Faculty AdvisorBrian Kelch
Academic ProgramBiochemistry and Molecular Biotechnology
UMass Chan AffiliationsBiochemistry and Molecular Biotechnology
Document TypeDoctoral Dissertation
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AbstractBacteriophages (phages) are ubiquitously abundant bacterial viruses and the most numerous biological entities on Earth. In order to fully understand the phage life cycle, we must understand how phage particles self-assemble. Further, an understanding of phage structure and assembly permits the application of phages to human health. Phage assembly is largely governed by two parallel pathways: capsid assembly and tail assembly. The capsid houses the genome, while the tail is the channel through which the genome travels to infect its host, making both components essential for successful infections. In this dissertation, I investigate the assembly pathways of the hyperthermophilic phage P74-26 as a model for understanding long-tailed phages (~85% of all phages). Primarily, I combine cryoEM structures of the P74-26 tail tube with an in vitro system for studying assembly kinetics to propose the first molecular model for the assembly of long-tailed phage tail tubes. Additionally, the tail is attached to a Tail Tip Complex (TTC) which recognizes the surface of the host. I present a cryo-EM structure of the P74-26 TTC, identifying the protein components for the first time. Finally, I explore the self-assembly of the capsid protein with the potential for establishing an in vitro system for studying capsid assembly and present proof-of-concept studies for using the particles as functional nanoparticle therapeutics. Together, this work explores principles of phage assembly and thermostability in tailed bacteriophages and how we can take advantage of these principles for future development of therapeutic delivery tools and nanoparticle applications.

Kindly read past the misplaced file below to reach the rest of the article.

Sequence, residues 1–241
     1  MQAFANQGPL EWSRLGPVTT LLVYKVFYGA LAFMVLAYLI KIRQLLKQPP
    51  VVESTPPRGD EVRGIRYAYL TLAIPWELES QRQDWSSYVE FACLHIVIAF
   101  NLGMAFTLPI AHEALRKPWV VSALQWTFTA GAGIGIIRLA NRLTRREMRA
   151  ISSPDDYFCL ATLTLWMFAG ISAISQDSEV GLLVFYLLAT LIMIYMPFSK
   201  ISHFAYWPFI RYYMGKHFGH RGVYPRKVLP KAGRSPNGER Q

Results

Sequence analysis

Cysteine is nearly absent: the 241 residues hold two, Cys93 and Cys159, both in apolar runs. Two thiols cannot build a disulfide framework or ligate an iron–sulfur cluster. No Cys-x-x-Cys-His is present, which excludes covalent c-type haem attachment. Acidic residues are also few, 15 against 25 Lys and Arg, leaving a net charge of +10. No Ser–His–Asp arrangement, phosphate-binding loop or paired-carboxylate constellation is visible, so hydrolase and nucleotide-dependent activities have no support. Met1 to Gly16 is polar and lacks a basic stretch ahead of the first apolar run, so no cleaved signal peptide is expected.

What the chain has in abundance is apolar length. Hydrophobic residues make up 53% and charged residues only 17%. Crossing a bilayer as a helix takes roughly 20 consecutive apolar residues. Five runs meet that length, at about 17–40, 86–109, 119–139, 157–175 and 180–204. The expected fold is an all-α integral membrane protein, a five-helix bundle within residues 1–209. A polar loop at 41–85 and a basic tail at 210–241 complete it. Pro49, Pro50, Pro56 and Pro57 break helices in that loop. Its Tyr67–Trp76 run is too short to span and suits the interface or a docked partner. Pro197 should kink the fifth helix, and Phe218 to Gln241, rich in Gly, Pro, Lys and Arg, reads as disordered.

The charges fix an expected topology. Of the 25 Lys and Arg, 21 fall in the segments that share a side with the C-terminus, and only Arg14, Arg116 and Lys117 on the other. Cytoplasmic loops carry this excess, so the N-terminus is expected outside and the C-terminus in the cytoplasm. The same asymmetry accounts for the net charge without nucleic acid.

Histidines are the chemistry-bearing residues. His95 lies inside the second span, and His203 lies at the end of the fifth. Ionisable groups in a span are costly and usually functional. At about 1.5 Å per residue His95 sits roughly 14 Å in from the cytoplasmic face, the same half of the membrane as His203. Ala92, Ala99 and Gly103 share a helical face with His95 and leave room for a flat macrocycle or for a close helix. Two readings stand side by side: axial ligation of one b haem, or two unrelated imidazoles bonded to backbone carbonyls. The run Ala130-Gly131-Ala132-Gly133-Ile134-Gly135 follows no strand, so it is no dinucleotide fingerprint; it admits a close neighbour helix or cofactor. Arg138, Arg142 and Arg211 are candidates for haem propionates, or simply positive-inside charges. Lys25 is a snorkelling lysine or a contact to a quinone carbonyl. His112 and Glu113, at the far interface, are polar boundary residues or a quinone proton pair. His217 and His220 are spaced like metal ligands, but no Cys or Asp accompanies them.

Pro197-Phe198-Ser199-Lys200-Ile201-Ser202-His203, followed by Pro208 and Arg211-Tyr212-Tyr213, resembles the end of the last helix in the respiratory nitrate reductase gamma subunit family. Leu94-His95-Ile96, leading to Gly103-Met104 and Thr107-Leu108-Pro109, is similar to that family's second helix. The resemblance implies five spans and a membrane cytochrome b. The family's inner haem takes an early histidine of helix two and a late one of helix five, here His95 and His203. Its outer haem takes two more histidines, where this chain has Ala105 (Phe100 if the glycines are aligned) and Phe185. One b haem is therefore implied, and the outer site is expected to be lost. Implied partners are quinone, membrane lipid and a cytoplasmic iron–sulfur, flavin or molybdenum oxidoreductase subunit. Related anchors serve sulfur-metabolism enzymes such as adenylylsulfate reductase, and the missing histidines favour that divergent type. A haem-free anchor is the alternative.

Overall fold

Permanent Link to this Itemhttp://hdl.handle.net/20.500.14038/51968
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